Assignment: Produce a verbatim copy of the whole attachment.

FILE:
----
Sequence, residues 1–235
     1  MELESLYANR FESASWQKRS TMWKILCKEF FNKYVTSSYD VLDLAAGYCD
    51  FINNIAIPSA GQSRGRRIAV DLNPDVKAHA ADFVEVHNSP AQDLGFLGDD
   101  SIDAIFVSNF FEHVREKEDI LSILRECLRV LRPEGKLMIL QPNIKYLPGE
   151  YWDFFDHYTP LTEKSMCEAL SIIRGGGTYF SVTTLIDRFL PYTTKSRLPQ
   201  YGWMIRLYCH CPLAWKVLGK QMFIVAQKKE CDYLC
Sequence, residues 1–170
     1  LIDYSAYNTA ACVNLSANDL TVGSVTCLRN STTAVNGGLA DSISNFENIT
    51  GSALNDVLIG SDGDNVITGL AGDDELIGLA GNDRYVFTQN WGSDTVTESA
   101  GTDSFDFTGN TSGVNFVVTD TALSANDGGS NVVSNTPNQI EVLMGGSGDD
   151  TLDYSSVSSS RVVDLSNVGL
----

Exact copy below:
Sequence, residues 1–235
     1  MELESLYANR FESASWQKRS TMWKILCKEF FNKYVTSSYD VLDLAAGYCD
    51  FINNIAIPSA GQSRGRRIAV DLNPDVKAHA ADFVEVHNSP AQDLGFLGDD
   101  SIDAIFVSNF FEHVREKEDI LSILRECLRV LRPEGKLMIL QPNIKYLPGE
   151  YWDFFDHYTP LTEKSMCEAL SIIRGGGTYF SVTTLIDRFL PYTTKSRLPQ
   201  YGWMIRLYCH CPLAWKVLGK QMFIVAQKKE CDYLC
Sequence, residues 1–170
     1  LIDYSAYNTA ACVNLSANDL TVGSVTCLRN STTAVNGGLA DSISNFENIT
    51  GSALNDVLIG SDGDNVITGL AGDDELIGLA GNDRYVFTQN WGSDTVTESA
   101  GTDSFDFTGN TSGVNFVVTD TALSANDGGS NVVSNTPNQI EVLMGGSGDD
   151  TLDYSSVSSS RVVDLSNVGL